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Sorting Out the Shootout

By October 29, 2006

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If the mailbag is any indication, there's a good deal of confusion over how shootout statistics are kept:

If a goalie is defeated in a shootout, in what otherwise would be a shutout, is he still credited with such?

I was wondering how plus-minus is affected by shootout goals, if at all.

If a game is 0-0 at the end of overtime it will be 1-0 after the shoot-out. Who gets credit for the goal? Does the goalie receive credit for the saves made and goals allowed in the shoot-out? Basically how are the stats kept for the goalies and shooters during the shoot-out?

Here's the rule of thumb: When it comes to individual player stats, the shootout doesn't count.

It doesn't matter if the goaltender makes a dozen saves or allows a dozen goals during the shootout. None of it is counted in his save percentage or goals-against average. The winning goaltender in the shootout does get credit for a win. The losing goaltender is charged with an overtime/shootout loss, a seperate category from "regular" losses.

The shootout turns up in team stats. The winning team gets one goal added to its season total. The losing team has one goal-against added to its season total. This holds regardless of how many goals are scored during the shootout itself.

So when Philadelphia beats Calgary in a shootout after 65 minutes of scoreless hockey, as happened last December, it goes into the books as a 1-0 Flyers win. Both goaltenders are credited with a shutout and no players receive credit for goals, assists, plus/minus or anything else. The Flyers add one goal to their season total.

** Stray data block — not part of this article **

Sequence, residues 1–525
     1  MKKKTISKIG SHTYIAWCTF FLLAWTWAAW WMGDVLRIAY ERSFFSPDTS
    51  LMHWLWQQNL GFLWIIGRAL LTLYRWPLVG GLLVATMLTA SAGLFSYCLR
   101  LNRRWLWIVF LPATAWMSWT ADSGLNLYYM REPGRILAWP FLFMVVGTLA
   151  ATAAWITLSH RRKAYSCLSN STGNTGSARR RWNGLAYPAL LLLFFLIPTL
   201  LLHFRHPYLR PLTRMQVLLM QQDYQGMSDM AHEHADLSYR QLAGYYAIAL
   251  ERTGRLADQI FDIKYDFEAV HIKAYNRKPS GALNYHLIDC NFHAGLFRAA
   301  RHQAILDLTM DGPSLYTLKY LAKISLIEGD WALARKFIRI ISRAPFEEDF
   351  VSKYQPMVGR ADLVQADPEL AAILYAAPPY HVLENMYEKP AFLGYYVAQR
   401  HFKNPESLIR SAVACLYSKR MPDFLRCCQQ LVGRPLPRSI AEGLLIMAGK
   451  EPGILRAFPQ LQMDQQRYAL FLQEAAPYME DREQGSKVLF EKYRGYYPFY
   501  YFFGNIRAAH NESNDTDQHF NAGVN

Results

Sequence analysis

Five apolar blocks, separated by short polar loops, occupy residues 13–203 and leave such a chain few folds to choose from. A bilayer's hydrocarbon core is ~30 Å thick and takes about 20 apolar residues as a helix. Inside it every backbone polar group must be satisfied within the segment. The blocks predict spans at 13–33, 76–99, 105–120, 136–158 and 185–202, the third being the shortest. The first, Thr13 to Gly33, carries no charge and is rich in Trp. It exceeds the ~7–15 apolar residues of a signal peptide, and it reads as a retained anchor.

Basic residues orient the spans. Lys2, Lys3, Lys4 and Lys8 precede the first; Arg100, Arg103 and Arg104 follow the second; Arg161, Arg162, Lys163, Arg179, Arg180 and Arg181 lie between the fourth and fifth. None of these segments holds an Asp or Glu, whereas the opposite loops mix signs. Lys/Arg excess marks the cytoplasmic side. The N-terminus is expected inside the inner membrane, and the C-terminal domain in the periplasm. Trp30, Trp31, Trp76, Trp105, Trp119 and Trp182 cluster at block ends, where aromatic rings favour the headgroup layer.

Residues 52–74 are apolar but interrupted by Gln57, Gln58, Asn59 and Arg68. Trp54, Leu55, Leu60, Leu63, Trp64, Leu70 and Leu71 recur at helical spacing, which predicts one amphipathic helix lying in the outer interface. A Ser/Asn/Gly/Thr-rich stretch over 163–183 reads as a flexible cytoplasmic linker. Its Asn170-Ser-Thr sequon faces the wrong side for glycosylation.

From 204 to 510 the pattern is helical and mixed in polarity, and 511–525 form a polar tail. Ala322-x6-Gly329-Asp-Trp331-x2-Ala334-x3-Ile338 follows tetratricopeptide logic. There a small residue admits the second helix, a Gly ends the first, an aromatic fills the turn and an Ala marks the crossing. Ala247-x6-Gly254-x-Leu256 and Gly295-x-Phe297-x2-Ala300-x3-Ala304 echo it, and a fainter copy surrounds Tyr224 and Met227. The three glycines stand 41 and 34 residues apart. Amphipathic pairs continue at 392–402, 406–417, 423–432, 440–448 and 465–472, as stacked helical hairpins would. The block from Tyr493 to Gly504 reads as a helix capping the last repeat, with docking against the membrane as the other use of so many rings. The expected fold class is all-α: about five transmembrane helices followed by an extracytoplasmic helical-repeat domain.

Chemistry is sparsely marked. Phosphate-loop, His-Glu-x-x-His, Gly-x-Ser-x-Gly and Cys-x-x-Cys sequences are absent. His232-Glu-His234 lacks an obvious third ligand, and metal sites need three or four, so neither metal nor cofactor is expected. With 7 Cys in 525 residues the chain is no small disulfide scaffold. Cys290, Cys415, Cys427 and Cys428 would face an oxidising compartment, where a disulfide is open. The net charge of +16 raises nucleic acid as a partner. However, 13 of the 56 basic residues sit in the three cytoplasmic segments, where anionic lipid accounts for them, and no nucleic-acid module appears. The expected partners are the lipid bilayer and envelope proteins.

Of course, what happens in the shootout has to be recorded somewhere, so the NHL has created a new statistical category. If you go to the NHL stats page, you will see shootout numbers listed seperately, and recorded in seperate columns on each player's stats page. That's because shootout goals aren't real goals. But you already knew that.

  • How the Shootout Works
  • Hockey Statistics Explained
  • Goaltender Statistics Explained
  • Comments

    December 9, 2007 at 9:35 am
    (1) Joe Malette says:

    After the 3 rounds of shooters, does each tram have a chance to tie if someone score or is it whoever scores first no matter what wins?

    December 9, 2007 at 9:43 am
    (2) proicehockey says:

    The shootout isn’t over until each team takes an equal number of shots.

    October 11, 2012 at 11:51 pm
    (3) Arch says:

    That answer is misleading. It’s like baseball when the home team doesn’t bat in the bottom of the 9th. One team can shoot 5 and the other shoot 4 and it can be over.

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